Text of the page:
The pieces of the puzzle finally come together
A simple conversation on a family houseboat trip more than a decade ago served as a springboard for Minich-May farms. With the next gen-eration ready to be involved, Dave and Marilyn Minich knew a comprehensive succession plan and an estate plan were necessary for their daughter, Angie May, and her husband to join the Logansport, Ind., operation.
Dave was happy to provide support and an avenue for Angie to be a part of the family farm, especially since he had not received a warm welcome to join his father decades earlier. Dave’s
father, Ernie, discouraged him from returning to the farm because he didn’t think the farm could support both generations.
Dave wasn’t deterred. "It’s that Minich family resoluteness. Some would call us stubborn," he says.
Ernie and Dave began partnering together in a small hog and row-crop farm, which eventually turned into a full partnership that began growing, slow and steady.
By the early 1980s, Dave began taking on more responsibility and eventually took over the operation. His impressive drive and farm business skills earned Dave the honor of 2008 Top Producer of the Year.
Leadership transition. In 1999, Dave started to transition the management responsibilities to
Angie. With an MBA in international business and a background in commercial banking, Angie returned to the farm poised to take the operation to a new level.
"One day, when Angie was in high school, I said to her, ‘You need to understand enough about the farm to either manage it, rent it or sell it.’ She has worked her way to becoming a manager," Dave says.
Angie says their succession plan has evolved throughout the years. The operation consists of 6,000 acres of row crops, most of which are rented. The main operating entity is an S corporation, and the family owns land in a C corporation.
"For the last 10 years, my husband and I have bought ground on our own. Through gifting and other means, we’re trying to get more involved with the other corporations," Angie says.
At the beginning of 2012, Angie’s husband, Steve, left his off-farm job to join the farming operation full-time. "We take Angie’s information, Steve’s eagerness and my background and experience and we talk things out," Dave says.
Off-farm siblings. In addition to Angie, Dave and Marilyn have two sons: Mark, an engineer, and Robb, an attorney.
Before Angie and Steve became heavily involved in the operation, Dave and Marilyn knew they needed a plan to treat their children equally. They put a value to their assets and came up with
options that would fit both their on-farm daughter and off-farm sons.
"The options were I would owe my brothers for the rest of my life, trying to buy out their shares, or we’d come up with some other way to compensate them and provide a fair share of the farm," Angie says.
The fair share came by way of insurance. With the assistance of an attorney, a family irrevocable trust was established to hold permanent life insurance on Angie’s parents. The payout of the coverage will go to Angie’s brothers in place of a portion of the farm’s assets.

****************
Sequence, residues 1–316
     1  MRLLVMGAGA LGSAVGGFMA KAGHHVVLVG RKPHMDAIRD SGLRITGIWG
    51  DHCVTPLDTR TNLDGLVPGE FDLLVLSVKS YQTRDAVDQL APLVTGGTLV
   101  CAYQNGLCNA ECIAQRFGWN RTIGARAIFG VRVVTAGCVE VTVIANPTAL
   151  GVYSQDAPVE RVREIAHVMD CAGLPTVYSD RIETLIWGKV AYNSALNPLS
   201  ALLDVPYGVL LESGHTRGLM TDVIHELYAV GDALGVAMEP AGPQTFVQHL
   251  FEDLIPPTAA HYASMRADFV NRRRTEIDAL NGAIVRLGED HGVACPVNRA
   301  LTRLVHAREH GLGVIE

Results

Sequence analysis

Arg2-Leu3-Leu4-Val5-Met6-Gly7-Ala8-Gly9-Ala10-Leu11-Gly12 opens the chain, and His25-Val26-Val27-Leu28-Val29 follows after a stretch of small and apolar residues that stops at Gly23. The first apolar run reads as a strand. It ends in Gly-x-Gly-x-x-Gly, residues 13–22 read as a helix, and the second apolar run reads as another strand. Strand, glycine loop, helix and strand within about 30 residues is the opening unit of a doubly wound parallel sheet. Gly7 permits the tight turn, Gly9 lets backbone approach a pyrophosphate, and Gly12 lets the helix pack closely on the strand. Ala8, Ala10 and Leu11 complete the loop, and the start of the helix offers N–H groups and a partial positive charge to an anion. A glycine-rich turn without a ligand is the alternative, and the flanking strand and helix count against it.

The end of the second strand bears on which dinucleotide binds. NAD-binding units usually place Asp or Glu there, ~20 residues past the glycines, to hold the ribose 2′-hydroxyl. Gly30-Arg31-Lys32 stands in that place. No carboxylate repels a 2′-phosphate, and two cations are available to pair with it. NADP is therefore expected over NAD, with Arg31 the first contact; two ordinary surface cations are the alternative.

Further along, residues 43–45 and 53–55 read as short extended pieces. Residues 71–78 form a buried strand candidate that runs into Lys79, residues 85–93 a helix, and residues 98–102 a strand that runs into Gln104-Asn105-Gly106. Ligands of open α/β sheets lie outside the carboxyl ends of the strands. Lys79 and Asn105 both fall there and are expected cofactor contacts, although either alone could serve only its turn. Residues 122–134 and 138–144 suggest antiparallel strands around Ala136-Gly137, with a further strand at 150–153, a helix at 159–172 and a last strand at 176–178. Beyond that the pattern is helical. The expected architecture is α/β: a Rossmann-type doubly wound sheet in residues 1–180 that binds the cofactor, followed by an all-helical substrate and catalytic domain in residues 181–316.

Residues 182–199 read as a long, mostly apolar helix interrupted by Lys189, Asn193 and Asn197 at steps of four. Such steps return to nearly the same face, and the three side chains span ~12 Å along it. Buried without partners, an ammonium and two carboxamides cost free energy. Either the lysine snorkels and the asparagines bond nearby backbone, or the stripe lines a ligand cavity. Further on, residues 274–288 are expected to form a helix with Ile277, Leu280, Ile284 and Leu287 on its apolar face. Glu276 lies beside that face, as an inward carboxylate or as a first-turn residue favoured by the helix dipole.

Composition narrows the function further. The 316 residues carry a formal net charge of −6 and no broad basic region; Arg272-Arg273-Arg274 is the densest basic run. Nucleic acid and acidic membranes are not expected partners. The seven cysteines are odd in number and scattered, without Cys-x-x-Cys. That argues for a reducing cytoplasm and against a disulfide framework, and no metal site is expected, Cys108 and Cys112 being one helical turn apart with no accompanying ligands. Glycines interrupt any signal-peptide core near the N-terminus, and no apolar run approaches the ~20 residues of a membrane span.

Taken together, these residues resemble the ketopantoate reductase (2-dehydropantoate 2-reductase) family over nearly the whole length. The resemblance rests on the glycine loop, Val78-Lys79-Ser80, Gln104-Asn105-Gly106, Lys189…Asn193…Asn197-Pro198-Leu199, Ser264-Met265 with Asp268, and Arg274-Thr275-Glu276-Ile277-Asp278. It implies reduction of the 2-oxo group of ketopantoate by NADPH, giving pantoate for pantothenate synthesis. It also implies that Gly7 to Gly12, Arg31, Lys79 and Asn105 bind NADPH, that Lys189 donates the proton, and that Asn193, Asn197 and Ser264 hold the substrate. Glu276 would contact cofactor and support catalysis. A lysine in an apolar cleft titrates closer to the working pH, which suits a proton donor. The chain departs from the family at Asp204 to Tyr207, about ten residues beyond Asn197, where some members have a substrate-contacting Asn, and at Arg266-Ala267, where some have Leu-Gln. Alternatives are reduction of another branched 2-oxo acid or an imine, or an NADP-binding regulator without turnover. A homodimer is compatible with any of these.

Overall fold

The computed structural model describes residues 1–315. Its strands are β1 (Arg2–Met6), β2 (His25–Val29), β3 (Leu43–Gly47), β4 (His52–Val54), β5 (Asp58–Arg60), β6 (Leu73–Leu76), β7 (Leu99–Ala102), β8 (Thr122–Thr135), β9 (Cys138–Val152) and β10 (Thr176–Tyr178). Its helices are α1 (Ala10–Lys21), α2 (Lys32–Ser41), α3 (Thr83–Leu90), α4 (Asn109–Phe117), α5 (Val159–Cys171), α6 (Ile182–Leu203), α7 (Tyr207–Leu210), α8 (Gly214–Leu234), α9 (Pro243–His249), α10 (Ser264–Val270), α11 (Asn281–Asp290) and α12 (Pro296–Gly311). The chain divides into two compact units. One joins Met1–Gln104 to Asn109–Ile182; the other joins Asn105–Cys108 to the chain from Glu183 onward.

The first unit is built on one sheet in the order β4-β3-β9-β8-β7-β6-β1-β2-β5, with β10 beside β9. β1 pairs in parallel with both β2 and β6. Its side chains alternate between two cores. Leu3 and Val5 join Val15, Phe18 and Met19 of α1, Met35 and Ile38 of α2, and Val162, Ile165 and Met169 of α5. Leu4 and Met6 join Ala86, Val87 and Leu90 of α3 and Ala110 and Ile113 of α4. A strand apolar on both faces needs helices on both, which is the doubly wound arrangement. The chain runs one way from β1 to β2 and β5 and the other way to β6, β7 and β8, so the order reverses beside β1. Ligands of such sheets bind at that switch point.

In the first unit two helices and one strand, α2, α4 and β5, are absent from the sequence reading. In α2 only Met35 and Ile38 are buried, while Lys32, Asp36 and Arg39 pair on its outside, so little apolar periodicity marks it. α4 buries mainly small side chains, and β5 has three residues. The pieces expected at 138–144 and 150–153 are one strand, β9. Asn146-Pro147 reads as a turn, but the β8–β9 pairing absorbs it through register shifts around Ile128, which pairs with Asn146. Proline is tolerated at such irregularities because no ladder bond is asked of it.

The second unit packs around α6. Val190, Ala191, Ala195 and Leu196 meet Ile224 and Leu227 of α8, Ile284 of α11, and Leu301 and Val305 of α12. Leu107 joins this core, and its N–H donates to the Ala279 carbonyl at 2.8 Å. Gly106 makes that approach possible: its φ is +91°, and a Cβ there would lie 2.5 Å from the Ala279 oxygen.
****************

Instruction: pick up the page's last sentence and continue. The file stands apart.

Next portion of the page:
Because it is Dave and Marilyn’s wish, this succession plan is accepted and appreciated by their children. "I’m grateful to my parents that they were willing to get serious about this process, put numbers down and develop a plan that made sense for all of us," Angie says.
Watching her parents develop a succession plan was a valuable lesson for Angie. She was involved in the process, but, at her parents’ request, more as a listener, which allowed Dave and Marilyn to fully identify what they want for the future of the farm.
Now, Angie and Steve are working to prepare the next generation, which includes their son and daughter. "We’re trying to give our kids the skill sets so if they are interested, they can come back to the farm," she says.
Take Charge of Your Farm's Destiny
"There’s no such thing as ‘no estate plan,’" says Cari Rincker, principal attorney with Rincker Law in New York, N.Y. Every state has laws in place to divide a person’s assets, even if no last will and testament is in place.
"The real question is how a farm family can improve the default estate plan determined by the state," she says.
Rincker says drafting a will is an important part of the estate planning process, but a good estate plan requires much more. "Estate planning is a lot about goals and how to accomplish those goals with the assets and liabilities in place," she adds.
With her clients, Rincker discusses their business plan, succession desires and retirement plans. "Every farm family is different; therefore, every farm family has different needs and objectives," she explains.
When those goals are detailed, Rincker has the farm families create a list of assets. "Not only is this information-gathering paramount for the estate planning process, but I also find it to be a healthy exercise, forcing my client to get a snapshot of his or her full financial picture."
Once an estate plan is in place, she says, families should revisit it every three to five years or when there is a major life event.